gifthatsallfolksIt has been fun breaking down some of the best features of LinkedIn over the past 6 weeks. If you took my suggestions to heart, you understand better how to sell, recruit, find a job, join groups and receive recommendations… and you probably have one of the better profiles on LinkedIn. The quality of your profile will have ongoing benefits.

Despite the length of my 2019 LinkedIn entries, we have not exactly covered the breadth of this site. If you have questions about anything on LinkedIn, feel free to reach out to me.

It’s time to grow faster~ Drew

drew@blueoctopusllc.com

http://www.blueoctopusllc.com

 

https://www.linkedin.com/pulse/getting-linkedin-recommendations-drew-schmitz/

#linkedin

 

Get a Job on LinkedIn

20 Feb

job seeking

This post is the 4th in a series in which I’m covering LinkedIn in detail. The past two entries focused on selling and recruiting on LinkedIn. Recommendations and groups are the final two topics soon to follow this article.

You don’t have to read my first three posts to understand this entry, but I’d highly recommend you go back to the recruiting topic (Recruiting on LI blog). If you are going to use LinkedIn to find your next job, you should understand how recruiters, HR professionals and hiring managers may be using it.

As a job seeker, it’s crucial that you have a great profile – below I’ve highlighted seven areas on which to focus.

#1 – Your Photo. I believe people can go overboard regarding the importance of your picture on LinkedIn, but this IS the first thing people see. Make sure it’s not a lame selfie – but a good head shot. Absolutely do not use LinkedIn without including a picture of yourself.  It personalizes and warms up interactions. And when there isn’t a photo, I usually assume that the person doesn’t actively use LinkedIn.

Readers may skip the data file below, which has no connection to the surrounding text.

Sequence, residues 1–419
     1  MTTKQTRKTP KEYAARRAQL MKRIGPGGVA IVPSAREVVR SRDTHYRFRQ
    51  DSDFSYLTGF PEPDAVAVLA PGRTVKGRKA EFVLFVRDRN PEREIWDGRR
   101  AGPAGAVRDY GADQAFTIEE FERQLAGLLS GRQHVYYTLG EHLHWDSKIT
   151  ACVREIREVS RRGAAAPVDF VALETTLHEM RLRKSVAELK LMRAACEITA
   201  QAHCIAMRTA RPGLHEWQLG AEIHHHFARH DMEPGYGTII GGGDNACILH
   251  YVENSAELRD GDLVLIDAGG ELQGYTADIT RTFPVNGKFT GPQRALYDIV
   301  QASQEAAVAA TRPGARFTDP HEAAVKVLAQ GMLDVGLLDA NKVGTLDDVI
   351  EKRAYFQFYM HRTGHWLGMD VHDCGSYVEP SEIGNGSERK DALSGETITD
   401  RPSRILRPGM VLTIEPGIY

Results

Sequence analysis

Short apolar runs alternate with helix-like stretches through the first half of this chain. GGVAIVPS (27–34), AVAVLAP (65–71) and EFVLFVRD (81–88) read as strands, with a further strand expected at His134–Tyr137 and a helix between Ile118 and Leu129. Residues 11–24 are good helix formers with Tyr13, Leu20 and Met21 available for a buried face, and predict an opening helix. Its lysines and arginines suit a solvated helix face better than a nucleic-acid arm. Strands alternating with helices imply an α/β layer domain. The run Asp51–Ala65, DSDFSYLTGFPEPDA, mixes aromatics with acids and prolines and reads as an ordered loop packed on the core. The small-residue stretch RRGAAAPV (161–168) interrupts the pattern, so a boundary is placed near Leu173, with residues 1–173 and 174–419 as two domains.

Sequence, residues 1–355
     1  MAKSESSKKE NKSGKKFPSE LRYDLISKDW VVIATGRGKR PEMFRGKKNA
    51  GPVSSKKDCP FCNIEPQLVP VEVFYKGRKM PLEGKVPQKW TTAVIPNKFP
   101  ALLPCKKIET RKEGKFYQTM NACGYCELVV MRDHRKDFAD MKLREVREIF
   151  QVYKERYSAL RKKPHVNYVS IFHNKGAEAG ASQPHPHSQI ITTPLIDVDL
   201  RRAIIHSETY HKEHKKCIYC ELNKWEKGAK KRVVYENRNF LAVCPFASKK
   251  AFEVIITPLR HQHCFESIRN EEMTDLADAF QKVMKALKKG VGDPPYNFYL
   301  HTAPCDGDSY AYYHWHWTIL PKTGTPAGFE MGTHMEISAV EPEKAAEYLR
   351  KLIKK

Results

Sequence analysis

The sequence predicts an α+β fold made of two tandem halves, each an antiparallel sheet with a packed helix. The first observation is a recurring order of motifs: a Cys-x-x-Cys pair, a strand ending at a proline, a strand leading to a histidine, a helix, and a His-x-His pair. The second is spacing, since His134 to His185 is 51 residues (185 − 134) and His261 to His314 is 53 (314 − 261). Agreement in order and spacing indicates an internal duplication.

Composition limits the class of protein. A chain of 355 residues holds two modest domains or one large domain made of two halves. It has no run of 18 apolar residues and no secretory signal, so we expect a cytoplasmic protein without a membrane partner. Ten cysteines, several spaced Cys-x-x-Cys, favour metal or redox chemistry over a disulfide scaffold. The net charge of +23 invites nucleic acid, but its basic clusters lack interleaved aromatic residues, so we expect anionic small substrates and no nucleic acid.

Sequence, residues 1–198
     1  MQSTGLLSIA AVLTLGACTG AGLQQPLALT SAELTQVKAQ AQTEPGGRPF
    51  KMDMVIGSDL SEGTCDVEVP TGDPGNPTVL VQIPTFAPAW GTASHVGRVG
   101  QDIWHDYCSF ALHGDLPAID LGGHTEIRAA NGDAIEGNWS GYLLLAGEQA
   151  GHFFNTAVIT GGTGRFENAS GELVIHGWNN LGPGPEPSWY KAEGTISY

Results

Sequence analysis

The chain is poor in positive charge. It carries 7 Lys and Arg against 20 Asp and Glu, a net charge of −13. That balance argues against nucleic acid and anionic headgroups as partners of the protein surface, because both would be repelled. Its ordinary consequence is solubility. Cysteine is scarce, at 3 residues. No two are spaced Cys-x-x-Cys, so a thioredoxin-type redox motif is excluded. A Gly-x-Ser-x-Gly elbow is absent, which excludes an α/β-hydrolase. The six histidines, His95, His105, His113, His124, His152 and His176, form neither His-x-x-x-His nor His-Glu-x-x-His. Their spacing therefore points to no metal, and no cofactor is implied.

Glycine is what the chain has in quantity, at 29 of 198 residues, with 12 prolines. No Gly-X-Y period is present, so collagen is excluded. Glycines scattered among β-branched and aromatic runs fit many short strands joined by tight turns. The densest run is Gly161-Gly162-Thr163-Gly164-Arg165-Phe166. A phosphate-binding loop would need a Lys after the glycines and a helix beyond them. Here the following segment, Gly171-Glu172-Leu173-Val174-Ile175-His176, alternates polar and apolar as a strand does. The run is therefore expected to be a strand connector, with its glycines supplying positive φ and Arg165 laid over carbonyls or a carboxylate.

#2 – Headline. Besides your photo, this is the first thing people see even if they don’t click into your profile. A headline is limited to only 120 characters, so make it clear – state what you do and/or what you are looking for. If you aren’t working, it’s a must to put “Actively Seeking Employment” on this line. Even better, “Actively Seeking Employment as a SaaS Salesperson” is the type of descriptive headline you might want to use. What do you want people to know about you? Mine personally states that I’m a Sales Recruiter, Sales Coach, Consultant, Author and Speaker. That’s clear, concise and covers all the things that I do as an entrepreneur. Be sure to take advantage of this line.

Editing these sections is done by clicking on the pencil on the upper right-hand side of your profile page. The intro section includes your photo, headline, name, current position, education, location, industry, contact info, summary and media attachments. It’s not mandatory, but consider attaching a video, documents and/or samples of your work. 

#3 – Summary. This section is at the top when someone clicks to view your profile. You can be fairly descriptive about yourself as it allows for 2,000 characters. The summary should be about YOU because it gives people a chance to learn about your talents and what “makes you tick”. I think it’s important to not only illustrate what you offer and are looking for, but also show a little bit about your personality. This is your opportunity to share more than what a one-dimensional resume describes about you.

After your summary, be sure to fill out Experience and Skills & Endorsements. Experience is your work history – I suggest you copy and paste EXACTLY what is on your resume. Selecting your skills are easy and important; but in my opinion, getting endorsements of your skills from others is a silly feature so don’t bother asking for them.

#4 – Keywords. Don’t underestimate the importance of these. By optimizing your keywords, you will turn up higher in search results. These are the words others will enter into the search box when recruiting qualified candidates. I would suggest repeating industry key words in your areas of expertise so that you will be easily found in advanced searches.